Low-Income Students Being Impacted by New College Admissions Scandal?

September 28, 2019 0 By Stanley Isaacs

The people who are most impacted by this, right? Because in the state of Illinois last year, 82,000 people who otherwise would have been eligible for the State grant didn’t get it because they ran out of money, correct? Absolutely, yes. These funds are- So who is this impacting most when these people who fall in this gray zone of actually qualifying for this are taking money from others who might need it more? Low income students who these funds are intended for. They’re the ones who suffer. Like you pointed out, this is a finite pool of money. These are limited funds and they’re often awarded on a first come, first serve basis. So, if one student who doesn’t need that money gets it, it means another student who does need the money doesn’t. So, you’re really robbing them of an opportunity. And the legal element of this is that families find an attorney who will help them walk through this process. Is it easy? Is it difficult? Well, we have family law attorney Allison Corley joining us from New York City. Because what, what is the process of actually giving up custody of a child? It’s really a matter of filling out a form, bringing it to a judge, and he puts a rubber stamp on it. So it’s easy to do if you know the loopholes there. I’m curious as we were discussing, if this is legal, okay. But it seems like there are risks involved as well. If you’re giving up guardianship of your child, it… wha… what? There has to be liability because somebody else is assuming the liability for this person I assume. Right. So, if you, if another person has guardianship of your child they can make medical, legal, educational decisions for them. So, you know, one of the things that always comes to mind with another person making medical decision is if this person has guardianship over your child and you child gets in an accident, and this person is the one that the hospital is going to call because they have letters of guardianship or an order of custody and they say, you’re going to authorize this blood transfusion for your child, and maybe that’s not something a lot of people don’t believe in, don’t want blood transfusion. So, people aren’t really thinking ahead, they’re thinking of the short term, but not longterm problems that can arise. And I think, I think the takeaway, Allison, from your perspective, I would hope, is that this is a misuse of the system to transfer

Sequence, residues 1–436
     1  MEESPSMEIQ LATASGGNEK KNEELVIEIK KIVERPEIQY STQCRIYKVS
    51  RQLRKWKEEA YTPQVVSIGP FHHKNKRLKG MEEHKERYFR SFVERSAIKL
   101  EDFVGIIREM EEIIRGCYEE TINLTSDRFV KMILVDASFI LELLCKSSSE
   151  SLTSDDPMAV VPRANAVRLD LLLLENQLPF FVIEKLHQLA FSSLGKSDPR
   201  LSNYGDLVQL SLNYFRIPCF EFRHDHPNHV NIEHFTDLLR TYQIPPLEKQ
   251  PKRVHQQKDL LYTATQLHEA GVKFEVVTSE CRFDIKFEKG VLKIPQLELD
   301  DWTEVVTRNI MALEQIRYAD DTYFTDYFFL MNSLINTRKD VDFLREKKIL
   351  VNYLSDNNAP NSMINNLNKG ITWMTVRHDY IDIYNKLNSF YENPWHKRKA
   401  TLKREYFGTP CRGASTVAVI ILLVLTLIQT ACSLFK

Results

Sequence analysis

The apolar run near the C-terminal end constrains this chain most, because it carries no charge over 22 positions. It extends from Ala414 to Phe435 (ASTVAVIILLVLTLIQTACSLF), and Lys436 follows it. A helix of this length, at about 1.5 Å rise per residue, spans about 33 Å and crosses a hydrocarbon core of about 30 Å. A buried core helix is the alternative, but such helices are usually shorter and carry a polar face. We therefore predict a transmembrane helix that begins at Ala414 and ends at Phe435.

Oh, definitely! Guardianship just to get financial aid. So do you Jill, then, I think the valid question is, what is someone who is squeezed in the middle class to do when it comes to maximizing financial aid for their child trying to attend college? I think the main thing is to keep your options open. Something that really struck me about a lot of these families is that the students all seemed, at least from the news reports, to be going to state flagship institutions. And it made me wonder were they just focused on that name brand and just ya know this is my top choice, this is where my student needs to be and that’s the only choice. These students seems to be the type of people that many colleges would be really chasing after and trying to award with merit based financial aid, which isn’t based on your financial need at all. And so, it makes me wonder if these people had kept their options open. They probably could have gotten as much or more financial aid from merit scholarships that they did through gaming the system to get need-based scholarships. So I think that families just should talk to guidance counselors, using things like the Department of Education’s College Scorecard to explore schools that maybe you’ve never heard of that might be a great match for you that might be really eager to have you and be willing to offer you a lot of financial aid to to get you to go there.